Painted Turtles are mostly found within the Piedmont region of Georgia, but can also be found further inland in the Blue Ridge Mountains. They prefer aquatic habitats with vegetation and muddy bottoms, such as slow-moving rivers, lakes, and often farm ponds and seasonal wetlands. These turtles are omnivores with their hatchlings being more carnivorous the younger they are. These young can grow incredibly quickly, usually doubling in size during their first growing season to being a full-sized adult.

8. Bog Turtle

image: U.S. Fish and Wildlife Service Southeast Region | Flickr | CC 2.0
  • Scientific name: Glptemys muhlenbergii
  • Length: 4.5 inches
  • Weight: Less than a pound

The Bog Turtle is the smallest turtle species in North America. It can be identified not just by its tiny size, but it also has a distinctive orange, yellow, or red blotch on each side of the head behind the eye.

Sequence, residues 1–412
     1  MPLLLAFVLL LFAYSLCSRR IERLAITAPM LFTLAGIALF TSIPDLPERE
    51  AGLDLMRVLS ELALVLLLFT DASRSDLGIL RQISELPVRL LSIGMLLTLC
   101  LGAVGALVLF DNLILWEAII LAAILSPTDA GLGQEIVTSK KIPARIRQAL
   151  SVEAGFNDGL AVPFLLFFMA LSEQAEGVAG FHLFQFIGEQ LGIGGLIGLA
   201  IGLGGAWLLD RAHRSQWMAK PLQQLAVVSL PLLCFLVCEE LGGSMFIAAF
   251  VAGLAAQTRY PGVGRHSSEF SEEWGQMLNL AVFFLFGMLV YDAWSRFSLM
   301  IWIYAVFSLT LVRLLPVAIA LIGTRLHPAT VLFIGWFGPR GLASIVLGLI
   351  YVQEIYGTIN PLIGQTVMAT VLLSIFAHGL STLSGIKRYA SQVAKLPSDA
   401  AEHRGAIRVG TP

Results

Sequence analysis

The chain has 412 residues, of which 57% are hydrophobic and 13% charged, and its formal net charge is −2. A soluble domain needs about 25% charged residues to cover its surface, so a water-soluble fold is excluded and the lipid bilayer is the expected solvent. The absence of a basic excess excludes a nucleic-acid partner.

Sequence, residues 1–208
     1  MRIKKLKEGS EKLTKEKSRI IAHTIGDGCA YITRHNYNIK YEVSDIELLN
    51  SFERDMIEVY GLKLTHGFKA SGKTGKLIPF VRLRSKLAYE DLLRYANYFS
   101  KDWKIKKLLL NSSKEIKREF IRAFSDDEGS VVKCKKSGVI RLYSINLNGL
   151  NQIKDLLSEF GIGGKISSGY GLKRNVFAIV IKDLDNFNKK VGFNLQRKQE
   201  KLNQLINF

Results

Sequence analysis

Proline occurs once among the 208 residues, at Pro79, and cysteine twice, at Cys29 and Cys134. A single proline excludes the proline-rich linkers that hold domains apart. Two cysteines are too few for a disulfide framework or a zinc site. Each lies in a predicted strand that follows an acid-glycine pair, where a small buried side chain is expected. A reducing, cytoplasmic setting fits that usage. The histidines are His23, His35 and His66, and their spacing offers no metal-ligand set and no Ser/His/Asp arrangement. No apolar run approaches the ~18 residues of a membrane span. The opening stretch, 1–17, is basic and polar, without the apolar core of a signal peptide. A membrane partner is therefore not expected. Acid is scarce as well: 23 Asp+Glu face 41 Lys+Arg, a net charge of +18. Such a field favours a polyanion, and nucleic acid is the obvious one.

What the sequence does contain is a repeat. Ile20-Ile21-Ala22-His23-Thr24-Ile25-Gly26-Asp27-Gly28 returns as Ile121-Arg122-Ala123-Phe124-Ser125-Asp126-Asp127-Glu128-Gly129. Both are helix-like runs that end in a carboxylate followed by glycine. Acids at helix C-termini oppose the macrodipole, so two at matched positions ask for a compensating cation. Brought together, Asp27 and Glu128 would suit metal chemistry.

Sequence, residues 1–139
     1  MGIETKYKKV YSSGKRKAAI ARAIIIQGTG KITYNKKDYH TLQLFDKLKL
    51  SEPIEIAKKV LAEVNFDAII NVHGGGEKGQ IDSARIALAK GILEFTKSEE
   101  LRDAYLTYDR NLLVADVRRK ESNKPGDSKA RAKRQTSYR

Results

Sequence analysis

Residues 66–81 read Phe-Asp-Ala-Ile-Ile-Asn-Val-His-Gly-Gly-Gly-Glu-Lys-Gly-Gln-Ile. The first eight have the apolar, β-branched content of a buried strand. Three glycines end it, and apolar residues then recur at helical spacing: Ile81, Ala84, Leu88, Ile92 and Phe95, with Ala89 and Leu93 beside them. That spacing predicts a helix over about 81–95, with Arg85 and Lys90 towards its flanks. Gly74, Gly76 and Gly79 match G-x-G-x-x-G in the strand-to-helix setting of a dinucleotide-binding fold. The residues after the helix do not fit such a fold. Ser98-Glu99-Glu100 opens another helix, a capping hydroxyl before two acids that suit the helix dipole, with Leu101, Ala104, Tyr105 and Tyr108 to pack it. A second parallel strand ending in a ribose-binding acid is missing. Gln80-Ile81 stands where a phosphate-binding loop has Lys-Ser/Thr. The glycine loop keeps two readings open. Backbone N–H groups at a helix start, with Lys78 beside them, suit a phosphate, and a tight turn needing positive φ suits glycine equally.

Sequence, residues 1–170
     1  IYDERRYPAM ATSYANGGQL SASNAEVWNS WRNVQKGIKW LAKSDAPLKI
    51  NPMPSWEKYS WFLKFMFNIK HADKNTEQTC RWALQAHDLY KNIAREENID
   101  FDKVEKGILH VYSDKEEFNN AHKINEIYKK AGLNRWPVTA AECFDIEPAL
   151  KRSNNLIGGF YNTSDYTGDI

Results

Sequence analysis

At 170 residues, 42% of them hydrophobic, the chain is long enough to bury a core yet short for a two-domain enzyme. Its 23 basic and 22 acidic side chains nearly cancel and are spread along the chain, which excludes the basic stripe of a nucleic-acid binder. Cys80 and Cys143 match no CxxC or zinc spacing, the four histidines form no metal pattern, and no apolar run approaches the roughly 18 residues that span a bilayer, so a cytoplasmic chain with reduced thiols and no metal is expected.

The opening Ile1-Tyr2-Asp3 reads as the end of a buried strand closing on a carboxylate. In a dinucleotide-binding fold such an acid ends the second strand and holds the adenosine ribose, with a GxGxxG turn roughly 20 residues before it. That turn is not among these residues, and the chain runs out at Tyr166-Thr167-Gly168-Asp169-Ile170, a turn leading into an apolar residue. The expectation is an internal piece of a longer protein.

Bog Turtles are primarily active during the spring, early summer, and early fall where they will feed on a wide variety of prey. Insects, earthworms, snails, frogs, watersnakes, berries, and carrion are all part of the Bog Turtle diet.

image: U.S. Fish and Wildlife Service Northeast Region

Because this animal is so small, it can be very elusive and not much is known about it. It inhabits the bogs of Georgia and prefer slowly flowing spring creeks and seepages within low mountain valleys. The presence of soft, deep, mucky organic soil and open wet areas with shallow water is a prerequisite for this turtle’s inhabitation.

9. Loggerhead Sea Turtle

image: Loggerhead | Pixabay.com
  • Scientific name: Caretta caretta
  • Length: 43 inches
  • Weight: 250-400 lbs